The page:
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All in the name of progress

BEIJING (AsiaNews): A family of seven in Hanzhong, a village in Shaanxi province, northwestern China, was dragged from their home, bound and gagged, by a demolition team, The Beijing News has reported.
 
The family had refused compensation from local authorities, who responded on July 1 by sending in a wrecking crew.
 
Operating under the dictum, anything in the name of progress, the team secured the family with zip ties and tape, dragging all seven out of the house before beginning to demolish it.

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Sri Lanka called to act on forced disappearances

COLOMBO (UCAN): Journalists in Sri Lanka are demanding that the government act quickly to pass a law that would make forced disappearances a criminal offence.
 
The United Nations (UN) Working Group on Enforced and Involuntary Disappearances ranks Sri Lanka as the second biggest offender in this area, as for decades people have simply been disappearing without a trace.
 

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Trampled rights in Tibet

MADRID (UCAN): Fifty-eight years ago, a large Tibetan protest against the Chinese government broke out in Lhasa, Tibet, on March 10, which eventually led to the political and spiritual leader of the country, the Dalai Lama, some government officials and tens of thousands of Tibetans fleeing to neighbouring India, Nepal, Bhutan and other countries.

On March 10 this year, exiled Tibetans around the world held a variety of activities to mark the anniversary and called on the Chinese government to improve its policy towards Tibet and resolve the issues that cause so much discontent.

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Religious join Women’s March in Washington

WASHINGTON (SE): The large crowds that gathered on January 21, the day after Donald Trump was sworn in as the 45th president of the United States of America (US), was originally billed as a protest by feminists against the anti-woman policies and attitudes of the new man in the While House.

But controversy quickly broke out and a week prior to the event the registration of what had described itself as a pro-life group, taken as being anti-abortion, was rejected by the organisers as being anti-feminist.

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Chinese Muslim website blocked

HONG KONG (Agencies): One of China’s most popular online communities for Muslims has been shut down after posting a petition asking the president, Xi Jinping, to stop his brutal suppression of human rights advocates.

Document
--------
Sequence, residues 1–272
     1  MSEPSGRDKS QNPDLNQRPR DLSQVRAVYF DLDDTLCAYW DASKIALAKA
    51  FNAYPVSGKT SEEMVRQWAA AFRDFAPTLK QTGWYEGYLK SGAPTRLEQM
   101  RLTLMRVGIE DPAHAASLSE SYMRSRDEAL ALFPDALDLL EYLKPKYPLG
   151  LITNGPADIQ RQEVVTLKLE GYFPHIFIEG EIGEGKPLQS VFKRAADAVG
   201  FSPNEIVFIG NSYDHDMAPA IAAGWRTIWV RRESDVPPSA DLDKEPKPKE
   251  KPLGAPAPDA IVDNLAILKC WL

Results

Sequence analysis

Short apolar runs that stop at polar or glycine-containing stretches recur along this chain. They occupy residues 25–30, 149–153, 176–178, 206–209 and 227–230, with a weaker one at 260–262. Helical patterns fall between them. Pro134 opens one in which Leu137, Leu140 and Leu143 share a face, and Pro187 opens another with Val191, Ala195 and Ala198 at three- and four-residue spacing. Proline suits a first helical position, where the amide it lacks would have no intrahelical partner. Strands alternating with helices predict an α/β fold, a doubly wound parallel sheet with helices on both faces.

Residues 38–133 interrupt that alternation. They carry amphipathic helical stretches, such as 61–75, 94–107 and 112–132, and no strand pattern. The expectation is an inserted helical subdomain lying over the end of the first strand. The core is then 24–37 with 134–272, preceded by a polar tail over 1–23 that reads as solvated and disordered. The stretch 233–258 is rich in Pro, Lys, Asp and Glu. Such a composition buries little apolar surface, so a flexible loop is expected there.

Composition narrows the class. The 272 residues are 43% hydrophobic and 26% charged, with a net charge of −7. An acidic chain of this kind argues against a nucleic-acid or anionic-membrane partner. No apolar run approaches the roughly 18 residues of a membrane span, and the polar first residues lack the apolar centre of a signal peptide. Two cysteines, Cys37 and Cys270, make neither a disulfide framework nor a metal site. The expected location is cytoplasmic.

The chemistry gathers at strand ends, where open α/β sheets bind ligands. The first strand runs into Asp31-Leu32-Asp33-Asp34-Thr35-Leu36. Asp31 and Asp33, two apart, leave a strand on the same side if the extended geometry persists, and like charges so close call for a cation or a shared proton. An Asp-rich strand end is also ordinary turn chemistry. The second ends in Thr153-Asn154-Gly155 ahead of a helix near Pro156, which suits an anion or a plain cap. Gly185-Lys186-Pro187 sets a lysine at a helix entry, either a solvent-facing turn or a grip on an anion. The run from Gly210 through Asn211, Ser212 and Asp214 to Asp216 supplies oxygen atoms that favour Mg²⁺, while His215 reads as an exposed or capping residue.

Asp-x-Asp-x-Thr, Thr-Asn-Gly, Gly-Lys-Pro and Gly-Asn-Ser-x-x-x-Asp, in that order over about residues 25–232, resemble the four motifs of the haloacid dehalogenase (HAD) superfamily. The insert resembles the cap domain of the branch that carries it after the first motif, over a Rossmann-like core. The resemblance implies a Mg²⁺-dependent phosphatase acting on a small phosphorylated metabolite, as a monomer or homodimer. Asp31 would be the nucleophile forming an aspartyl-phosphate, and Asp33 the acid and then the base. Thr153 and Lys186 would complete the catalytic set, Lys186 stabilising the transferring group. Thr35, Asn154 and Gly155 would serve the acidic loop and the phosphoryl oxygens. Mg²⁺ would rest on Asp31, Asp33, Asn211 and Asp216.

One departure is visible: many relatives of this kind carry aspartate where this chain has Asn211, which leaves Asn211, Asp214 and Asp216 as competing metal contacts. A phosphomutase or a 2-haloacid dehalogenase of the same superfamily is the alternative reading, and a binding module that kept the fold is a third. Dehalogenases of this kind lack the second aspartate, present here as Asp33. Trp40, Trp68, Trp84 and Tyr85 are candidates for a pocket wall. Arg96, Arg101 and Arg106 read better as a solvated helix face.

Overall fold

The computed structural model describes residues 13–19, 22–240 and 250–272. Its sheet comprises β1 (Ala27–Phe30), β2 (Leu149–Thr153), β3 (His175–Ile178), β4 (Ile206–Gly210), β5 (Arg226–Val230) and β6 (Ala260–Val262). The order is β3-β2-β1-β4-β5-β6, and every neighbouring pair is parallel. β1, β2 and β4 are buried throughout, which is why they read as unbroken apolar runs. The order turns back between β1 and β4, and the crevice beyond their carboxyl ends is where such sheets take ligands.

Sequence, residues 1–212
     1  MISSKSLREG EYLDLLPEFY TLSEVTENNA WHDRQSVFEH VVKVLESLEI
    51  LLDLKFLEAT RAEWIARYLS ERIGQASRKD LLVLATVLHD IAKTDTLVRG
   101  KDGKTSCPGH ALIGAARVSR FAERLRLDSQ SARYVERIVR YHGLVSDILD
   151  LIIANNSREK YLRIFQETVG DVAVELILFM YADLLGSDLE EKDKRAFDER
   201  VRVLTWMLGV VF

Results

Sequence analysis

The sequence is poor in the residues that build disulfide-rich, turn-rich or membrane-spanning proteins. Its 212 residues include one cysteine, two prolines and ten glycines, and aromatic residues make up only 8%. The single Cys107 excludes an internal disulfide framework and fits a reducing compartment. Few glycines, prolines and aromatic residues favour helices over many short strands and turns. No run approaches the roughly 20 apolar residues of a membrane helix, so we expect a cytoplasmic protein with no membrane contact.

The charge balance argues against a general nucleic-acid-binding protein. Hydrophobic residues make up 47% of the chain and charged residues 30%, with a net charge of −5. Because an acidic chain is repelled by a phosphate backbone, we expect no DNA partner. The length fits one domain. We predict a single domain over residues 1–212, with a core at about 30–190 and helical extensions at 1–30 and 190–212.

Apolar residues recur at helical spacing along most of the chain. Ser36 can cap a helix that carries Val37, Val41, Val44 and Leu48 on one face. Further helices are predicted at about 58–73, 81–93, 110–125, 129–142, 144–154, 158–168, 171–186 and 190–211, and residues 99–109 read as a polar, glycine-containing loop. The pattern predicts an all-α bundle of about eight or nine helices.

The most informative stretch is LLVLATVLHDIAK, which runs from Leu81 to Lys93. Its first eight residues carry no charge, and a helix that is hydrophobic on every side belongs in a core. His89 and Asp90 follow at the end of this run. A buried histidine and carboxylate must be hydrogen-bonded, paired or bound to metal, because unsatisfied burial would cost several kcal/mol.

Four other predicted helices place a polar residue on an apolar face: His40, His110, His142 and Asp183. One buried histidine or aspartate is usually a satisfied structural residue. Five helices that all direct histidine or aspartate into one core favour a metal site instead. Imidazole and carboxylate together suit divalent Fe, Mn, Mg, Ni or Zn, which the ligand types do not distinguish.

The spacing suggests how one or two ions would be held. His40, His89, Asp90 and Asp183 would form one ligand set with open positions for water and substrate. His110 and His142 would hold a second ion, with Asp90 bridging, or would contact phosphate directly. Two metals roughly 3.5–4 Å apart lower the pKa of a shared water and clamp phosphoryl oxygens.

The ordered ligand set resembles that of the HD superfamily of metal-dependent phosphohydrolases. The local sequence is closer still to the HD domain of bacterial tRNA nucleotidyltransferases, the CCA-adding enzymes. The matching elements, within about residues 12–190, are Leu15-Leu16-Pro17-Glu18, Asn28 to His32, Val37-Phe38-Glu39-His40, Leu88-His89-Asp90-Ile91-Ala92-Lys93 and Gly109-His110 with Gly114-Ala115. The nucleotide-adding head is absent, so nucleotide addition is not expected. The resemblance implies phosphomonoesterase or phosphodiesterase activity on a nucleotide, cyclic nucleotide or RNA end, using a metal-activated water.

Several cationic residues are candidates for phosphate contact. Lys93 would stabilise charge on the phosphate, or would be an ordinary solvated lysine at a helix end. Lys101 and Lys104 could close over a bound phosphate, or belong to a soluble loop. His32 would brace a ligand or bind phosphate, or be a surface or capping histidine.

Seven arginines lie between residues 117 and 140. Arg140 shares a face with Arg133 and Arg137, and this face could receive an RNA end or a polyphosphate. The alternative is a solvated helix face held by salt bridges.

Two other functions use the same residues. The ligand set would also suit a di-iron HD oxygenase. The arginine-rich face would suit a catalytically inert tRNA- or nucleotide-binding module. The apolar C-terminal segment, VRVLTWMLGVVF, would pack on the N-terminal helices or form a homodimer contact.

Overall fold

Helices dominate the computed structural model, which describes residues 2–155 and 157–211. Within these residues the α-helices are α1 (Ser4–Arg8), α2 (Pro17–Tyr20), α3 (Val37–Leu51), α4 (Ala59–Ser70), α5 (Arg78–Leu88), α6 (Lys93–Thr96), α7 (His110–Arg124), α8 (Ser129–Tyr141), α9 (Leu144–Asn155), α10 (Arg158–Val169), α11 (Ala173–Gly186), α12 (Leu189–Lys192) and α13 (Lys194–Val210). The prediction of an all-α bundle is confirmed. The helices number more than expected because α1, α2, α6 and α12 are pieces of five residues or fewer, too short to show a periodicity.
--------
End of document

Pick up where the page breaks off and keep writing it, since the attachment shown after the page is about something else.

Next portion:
The students who wrote the petition told Agence France Presse on December 14 that they demanded the immediate release of advocates still held by the state.

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Putting Christmas back on the rails

LAHORE (UCAN): The Railways and Human Rights Ministries in Pakistan ran a special train over the Christmas period to express solidarity with the minority Christian community and promote interfaith harmony.

State-run Associated Press Pakistan quoted unnamed officials as saying what they termed a special human rights train was the first rail service to celebrate a minority festival.

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Father Cullen honoured with humanitarian award

KILLARNEY (SE): Regular columnist for the Sunday Examiner, Father Shay Cullen, was awarded the Hugh O’Flaherty International Humanitarian Award at a weekend festival in Killarney, Ireland, for his work in promoting human rights, justice and peace.

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China survives on United Nations rights council

HONG KONG (SE): “Voting to put China on the council again would be like picking a fox to guard the henhouse, while still wiping the feathers away from his mouth after his last meal,” Yang Jianli, wrote in the Washington Post on October 24 in an op-ed piece calling on the United Nations (UN) not to reelect China to the Human Rights Council.

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Rights with characteristics?

“EVERYONE HAS THE right to freedom of thought, conscience and religion; this right includes freedom to change his religion or belief, and freedom, either alone or in community with others and in public or private, to manifest his religion or belief in teaching, practice, worship and observance,” Article 18 of the Universal Declaration of Human Rights says.